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Photovoltaic cell efficiency question. - Page 3

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Posted by frigitar on March 24, 2009, 1:34 am
 

Haha, that question had me in a bit of knot for a while!

Well I think this wafer would surely absorb more green wavelengths.
Any "reflection" only occurs due to the actual color of the cell
itself.
So as long as our panels are not green in colour I guess we are
absorbing all the green that the Silicon can. Unfortunately, Silicon
is not so good at absorbing green in the first place :(

Posted by BobG on March 24, 2009, 2:00 am
 

==========================
=====================
What determines the peak frequency of the silicon freq resp? The
dimensions of the silicon molecules? In other words,  how do you dope
up the molecule to move the resonance from 800nm to 500nm? Smaller
wavelenth, faster frequency... you'd need to make it lighter somehow.
Dope it with something lighter like Boron? The PV wafer already has a
P layer and an N layer. How about turn it over, so the other layer is
exposed to the sun?

Posted by daestrom on March 24, 2009, 11:45 pm
 

==============================================
What determines the peak frequency of the silicon freq resp? The
dimensions of the silicon molecules? In other words,  how do you dope
up the molecule to move the resonance from 800nm to 500nm? Smaller
wavelenth, faster frequency... you'd need to make it lighter somehow.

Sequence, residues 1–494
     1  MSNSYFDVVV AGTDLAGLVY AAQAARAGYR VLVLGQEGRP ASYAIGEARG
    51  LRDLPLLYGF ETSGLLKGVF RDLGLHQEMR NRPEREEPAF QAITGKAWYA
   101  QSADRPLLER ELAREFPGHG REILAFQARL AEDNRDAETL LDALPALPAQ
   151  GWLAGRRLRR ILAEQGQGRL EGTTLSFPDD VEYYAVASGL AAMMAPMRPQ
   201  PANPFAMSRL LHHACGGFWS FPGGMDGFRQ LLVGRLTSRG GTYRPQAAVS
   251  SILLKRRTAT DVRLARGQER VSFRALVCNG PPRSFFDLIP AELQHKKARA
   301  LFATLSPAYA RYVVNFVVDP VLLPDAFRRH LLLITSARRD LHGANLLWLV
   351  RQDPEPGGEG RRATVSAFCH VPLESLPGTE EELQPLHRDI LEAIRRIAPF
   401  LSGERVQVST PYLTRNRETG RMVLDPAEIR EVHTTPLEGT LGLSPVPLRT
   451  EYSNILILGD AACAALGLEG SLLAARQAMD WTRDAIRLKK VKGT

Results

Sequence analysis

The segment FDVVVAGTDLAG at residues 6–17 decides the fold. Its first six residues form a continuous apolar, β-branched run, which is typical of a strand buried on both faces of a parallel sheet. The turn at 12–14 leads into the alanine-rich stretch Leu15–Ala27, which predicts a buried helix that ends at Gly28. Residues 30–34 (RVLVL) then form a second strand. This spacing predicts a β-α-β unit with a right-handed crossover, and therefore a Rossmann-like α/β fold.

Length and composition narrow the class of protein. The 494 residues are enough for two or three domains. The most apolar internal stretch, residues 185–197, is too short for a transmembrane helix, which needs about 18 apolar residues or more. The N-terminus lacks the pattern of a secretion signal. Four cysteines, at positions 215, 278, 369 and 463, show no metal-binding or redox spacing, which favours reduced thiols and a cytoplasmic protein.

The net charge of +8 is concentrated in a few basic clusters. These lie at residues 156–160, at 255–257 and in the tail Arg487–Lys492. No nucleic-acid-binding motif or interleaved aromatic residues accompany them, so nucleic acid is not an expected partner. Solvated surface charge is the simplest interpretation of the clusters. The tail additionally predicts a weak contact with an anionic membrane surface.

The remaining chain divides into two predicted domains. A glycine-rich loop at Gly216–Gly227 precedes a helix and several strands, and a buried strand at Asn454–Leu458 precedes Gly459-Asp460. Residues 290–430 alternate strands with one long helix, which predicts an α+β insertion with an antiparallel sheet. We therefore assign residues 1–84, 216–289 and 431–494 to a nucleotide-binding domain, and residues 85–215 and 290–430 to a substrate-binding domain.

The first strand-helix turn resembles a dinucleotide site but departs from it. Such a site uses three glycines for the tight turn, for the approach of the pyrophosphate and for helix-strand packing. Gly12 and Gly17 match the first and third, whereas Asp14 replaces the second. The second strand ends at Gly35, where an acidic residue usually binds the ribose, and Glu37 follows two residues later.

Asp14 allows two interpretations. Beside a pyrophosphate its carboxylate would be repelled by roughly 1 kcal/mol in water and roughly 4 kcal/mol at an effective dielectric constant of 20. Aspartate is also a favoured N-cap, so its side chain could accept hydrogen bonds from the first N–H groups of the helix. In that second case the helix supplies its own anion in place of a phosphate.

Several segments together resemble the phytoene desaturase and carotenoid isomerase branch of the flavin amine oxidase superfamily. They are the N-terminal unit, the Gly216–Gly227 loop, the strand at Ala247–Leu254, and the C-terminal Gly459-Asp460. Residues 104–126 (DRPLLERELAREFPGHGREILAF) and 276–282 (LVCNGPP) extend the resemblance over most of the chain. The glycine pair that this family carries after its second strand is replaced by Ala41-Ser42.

Dope it with something lighter like Boron? The PV wafer already has a
P layer and an N layer. How about turn it over, so the other layer is
exposed to the sun?



I don't believe its the atomic weight but the energy needed to 'lift' an
electron out of its orbit.  Once freed from an atom, the electric field of
the depletion zone at the junction moves it across to the other side so it
can't recombine directly back to the atom it came from.  So it has to flow
through the external circuit to get back to the atom it came from.  (well,
actually it just bumps another electron that bumps another, and another...
until finally one bumps back into the original atom of silicon).

The energy to 'lift' an electron has to come in one 'packet' of light, it
can't work it's way out gradually (quantum mechanics).  So a single photon
has to have that much energy.  (Photons with shorter wavelength (towards the
blue end of the spectrum) have more energy.)  This is known as the
'photo-electric effect'.  If the photon is only slightly more energy than
needed, the electron is 'lifted' but with a bit extra 'speed' when it's
free.  The extra energy is quickly dissipated as heat as the electron
'collides' with other atoms.

If a photon has a lot more energy than needed, then it may 'lift' the
electron out of the atom's orbit and re-emit a low energy photon that
carries off the left-over energy.  This is 'Compton scattering'.

So the issue is to find a way to make it take less energy to free an
electron from silicon.  Kind of against 'natural law' of silicon.  Of course
different doping can change the electric field in the depletion zone and
that can help a bit.  Or try something besides silicon.  But the next larger
electron 'shell' gets pretty vague and messy.

daestrom


Posted by BobG on March 25, 2009, 1:45 am
 Thanks for the explanation.... Somehow I knew it wasnt something
simple like mass and resonance. I always thought the 'serendipity' of
the color of the solar radiation and the color of leaves and
chlorophyll was a divine symbiosis. I was trying to imagine an analogy
that a pv cell that was sensitive to green radiation would be more
efficient somehow.

Posted by Eeyore on March 25, 2009, 12:37 pm
 

daestrom wrote:


http://en.wikipedia.org/wiki/Planck 's_constant

Graham


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